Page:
Guests included the actors Jenny Agutter and Christopher Lee, Chris Smith, Dale Winton, who all presented awards. The 17th Sony Radio Academy Awards ceremony was held at the Grosvenor House Hotel in London on 28 April 1999 and was hosted by Kirsty Young and Paul Gambaccini. "Awards Win For Radio Wrinklies". AM/FM. May 1993. Retrieved 19 January 2018."Prize-winning radio programmes". Annual Report and Handbook 1984. London: BBC. 1983. P. 20. ISBN 0 563 20262 9. Retrieved 11 January 2018."Prize-winning radio programmes". Annual Report and Handbook 1985. London: BBC. 1984. P. 17. ISBN 0 563 20371 4. Retrieved 11 January 2018."Prize-winning radio programmes". Annual Report and Handbook 1986. London: BBC. 1985. P. 21. ISBN 0 563 20448 6. Retrieved 12 January 2018."Prize-winning radio programmes". Annual Report and Handbook 1987. London: BBC. 1986. P. 21. ISBN 0 563 20542 3. Retrieved 13 January 2018."Awards". Annual Report and Accounts 1987 - 88. London: BBC. 1988. P. 91. ISBN 0 563 20729 9. Retrieved 14 January 2018."Awards".

Annual Report and Accounts 1990–91 (Re

Queensland Railways 1200 class

The 1200 class were a class of diesel locomotive built by English Electric, Bradford for Queensland Railways in 1953-1954. The 1200 class were rostered to haul The Sunlander between Brisbane and Cairns, The Westlander between Brisbane and Roma and The Inlander from Townsville to Mount Isa. A characteristic addition to the 1200s in 1961 was a sun visor to help reduce glare; as they became due for heavy overhauls in the late 1970s, they were withdrawn.1200 has been preserved by the Australian Railway Historical Society, is stored at Redbank Railway Workshops. In 1984, 1208 was rebuilt using parts from 1250 class locomotives 1252 and 1253, including a more powerful 1,145 kW engine to replace the original 962 kW EE 12SVT engine, while the body was modified to resemble a 1250 class, it earned the nickname "Hybrid" after this work and was renumbered 1225. It remained in service until 1987, based at Toowoomba working on the Southern line; the loco is now owned and is stored at Queensland Pioneer Steam Railway at Swanbank Queensland since it was moved there in mid-2010.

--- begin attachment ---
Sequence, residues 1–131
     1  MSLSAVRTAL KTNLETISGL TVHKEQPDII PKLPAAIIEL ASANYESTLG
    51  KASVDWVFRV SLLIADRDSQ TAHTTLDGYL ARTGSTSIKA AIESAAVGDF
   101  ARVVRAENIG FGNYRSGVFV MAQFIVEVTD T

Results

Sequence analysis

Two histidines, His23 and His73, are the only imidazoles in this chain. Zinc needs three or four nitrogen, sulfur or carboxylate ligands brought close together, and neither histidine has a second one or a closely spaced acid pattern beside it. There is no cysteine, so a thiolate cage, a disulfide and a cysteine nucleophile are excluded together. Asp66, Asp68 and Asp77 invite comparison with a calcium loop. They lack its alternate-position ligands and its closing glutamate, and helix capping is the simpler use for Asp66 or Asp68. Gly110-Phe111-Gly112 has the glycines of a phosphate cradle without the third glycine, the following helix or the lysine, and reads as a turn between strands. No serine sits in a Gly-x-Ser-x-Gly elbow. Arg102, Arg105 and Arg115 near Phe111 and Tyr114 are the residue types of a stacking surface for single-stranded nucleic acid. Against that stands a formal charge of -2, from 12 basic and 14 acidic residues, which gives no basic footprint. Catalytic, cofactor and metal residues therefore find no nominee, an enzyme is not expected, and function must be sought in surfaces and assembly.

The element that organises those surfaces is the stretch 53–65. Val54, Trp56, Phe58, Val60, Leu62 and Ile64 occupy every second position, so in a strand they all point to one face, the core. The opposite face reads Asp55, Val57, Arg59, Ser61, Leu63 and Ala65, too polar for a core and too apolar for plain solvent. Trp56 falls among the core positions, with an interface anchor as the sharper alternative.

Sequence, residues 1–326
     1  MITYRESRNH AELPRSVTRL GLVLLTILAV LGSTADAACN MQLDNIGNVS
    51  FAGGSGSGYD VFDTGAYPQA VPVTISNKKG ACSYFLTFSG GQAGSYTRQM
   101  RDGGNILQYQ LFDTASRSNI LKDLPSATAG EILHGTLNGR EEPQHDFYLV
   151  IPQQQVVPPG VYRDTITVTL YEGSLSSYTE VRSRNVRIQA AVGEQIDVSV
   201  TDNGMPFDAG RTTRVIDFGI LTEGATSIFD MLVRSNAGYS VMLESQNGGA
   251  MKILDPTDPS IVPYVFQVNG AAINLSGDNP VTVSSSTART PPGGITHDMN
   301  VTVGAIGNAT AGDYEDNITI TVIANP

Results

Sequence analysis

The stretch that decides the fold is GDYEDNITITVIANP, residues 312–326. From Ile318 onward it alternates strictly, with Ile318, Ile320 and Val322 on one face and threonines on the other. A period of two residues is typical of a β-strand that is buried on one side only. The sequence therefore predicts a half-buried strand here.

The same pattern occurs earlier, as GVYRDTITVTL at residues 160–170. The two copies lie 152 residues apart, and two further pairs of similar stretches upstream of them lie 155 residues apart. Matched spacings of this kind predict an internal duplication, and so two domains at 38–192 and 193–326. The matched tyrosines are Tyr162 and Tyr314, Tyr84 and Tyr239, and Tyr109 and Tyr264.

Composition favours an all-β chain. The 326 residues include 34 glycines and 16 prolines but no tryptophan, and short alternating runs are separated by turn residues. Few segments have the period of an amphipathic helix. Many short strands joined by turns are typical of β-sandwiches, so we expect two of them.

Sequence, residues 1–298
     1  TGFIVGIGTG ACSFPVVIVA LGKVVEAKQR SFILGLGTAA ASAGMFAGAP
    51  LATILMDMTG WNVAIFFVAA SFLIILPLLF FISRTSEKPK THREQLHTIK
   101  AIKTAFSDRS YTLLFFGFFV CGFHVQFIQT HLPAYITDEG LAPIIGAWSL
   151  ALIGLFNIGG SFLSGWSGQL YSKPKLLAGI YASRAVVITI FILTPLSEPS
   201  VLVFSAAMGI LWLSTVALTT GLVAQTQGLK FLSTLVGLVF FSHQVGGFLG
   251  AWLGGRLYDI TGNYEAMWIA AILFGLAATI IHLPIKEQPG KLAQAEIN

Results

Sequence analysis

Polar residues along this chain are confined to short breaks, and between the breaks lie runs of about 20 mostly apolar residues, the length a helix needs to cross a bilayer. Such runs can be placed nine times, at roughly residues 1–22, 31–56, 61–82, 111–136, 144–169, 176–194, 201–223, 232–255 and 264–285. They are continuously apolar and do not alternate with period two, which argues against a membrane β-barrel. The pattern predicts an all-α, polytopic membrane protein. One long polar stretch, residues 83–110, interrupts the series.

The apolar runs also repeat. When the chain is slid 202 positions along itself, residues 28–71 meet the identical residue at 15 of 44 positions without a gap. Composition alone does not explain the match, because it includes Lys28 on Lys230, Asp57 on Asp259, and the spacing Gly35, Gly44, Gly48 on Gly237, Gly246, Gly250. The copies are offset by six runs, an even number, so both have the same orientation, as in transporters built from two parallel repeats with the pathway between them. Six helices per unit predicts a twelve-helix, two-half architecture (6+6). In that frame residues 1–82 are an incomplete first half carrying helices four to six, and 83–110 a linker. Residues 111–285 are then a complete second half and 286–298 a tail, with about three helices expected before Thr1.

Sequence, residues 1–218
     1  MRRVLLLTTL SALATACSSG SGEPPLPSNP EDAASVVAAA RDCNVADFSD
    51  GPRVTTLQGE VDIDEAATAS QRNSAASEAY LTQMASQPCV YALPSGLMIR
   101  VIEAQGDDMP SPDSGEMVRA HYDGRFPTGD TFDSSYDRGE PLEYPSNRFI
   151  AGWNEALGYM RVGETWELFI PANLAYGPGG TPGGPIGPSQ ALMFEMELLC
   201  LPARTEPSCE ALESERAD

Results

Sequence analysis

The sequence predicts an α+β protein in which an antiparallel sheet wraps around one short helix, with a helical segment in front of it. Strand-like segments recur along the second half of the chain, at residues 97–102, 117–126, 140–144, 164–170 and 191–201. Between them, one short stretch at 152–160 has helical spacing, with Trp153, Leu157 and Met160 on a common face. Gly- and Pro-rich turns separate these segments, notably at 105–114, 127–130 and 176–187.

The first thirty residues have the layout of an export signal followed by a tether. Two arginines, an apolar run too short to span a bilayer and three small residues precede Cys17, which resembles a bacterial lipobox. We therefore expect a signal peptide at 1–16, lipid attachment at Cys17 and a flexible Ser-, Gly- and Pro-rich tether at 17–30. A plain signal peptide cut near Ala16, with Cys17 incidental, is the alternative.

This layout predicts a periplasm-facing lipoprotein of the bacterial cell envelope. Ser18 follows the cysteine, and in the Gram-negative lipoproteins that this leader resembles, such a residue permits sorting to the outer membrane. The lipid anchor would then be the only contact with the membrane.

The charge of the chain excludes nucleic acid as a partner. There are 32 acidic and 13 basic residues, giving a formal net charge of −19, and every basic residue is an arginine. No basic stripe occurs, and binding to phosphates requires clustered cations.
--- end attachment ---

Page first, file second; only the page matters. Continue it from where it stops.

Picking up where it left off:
QPSR now want it out of their premises so now its future is uncertain

Jeevan Mukthi

Jeevan Mukthi or is a 1942 Telugu film produced by S. S. Vasan of Gemini Studios. Jeevudu, an untouchable cobbler, leads a saintly life with his wife son Bhavudu; because of his devotion, Lord Vishnu appears before him every day, eats whatever he is given as a prasad offering. Santha, the daughter of the proud and powerful Rajaguru, learning of this, visits his hut to discover whether it is true; when she witnesses it for herself, she informs her father of this wonder. Angry that his daughter has visited the house of an untouchable, he locks her up, he informs Jeevudu that the king's mother was performing a cheppula nomu and needs a thousand sandals by next morning. Jeevudu and his family can only make a few sandals, they fall asleep from exhaustion. Rajaguru lies to the king, persuading him to order Jeevudu to be imprisoned and to have his hands cut off and his eyes put out. With the help of a flower girl, Santha escapes from the chamber, she tells Seva what has happened to her son. When Seva goes to the jail and sees her blinded husband, she puts her own eyes out.

At this point, Lord Vishnu and his consort Sridevi appear in the form of tribals. They restore their devotees. Cast adapted from the song book. Aaragimpa Raara Vidu Aaragimpa Raara - P. Suribabu and group Veligimpuma Naalo Jyothi Thilakinchaga O Deva - P. Suribabu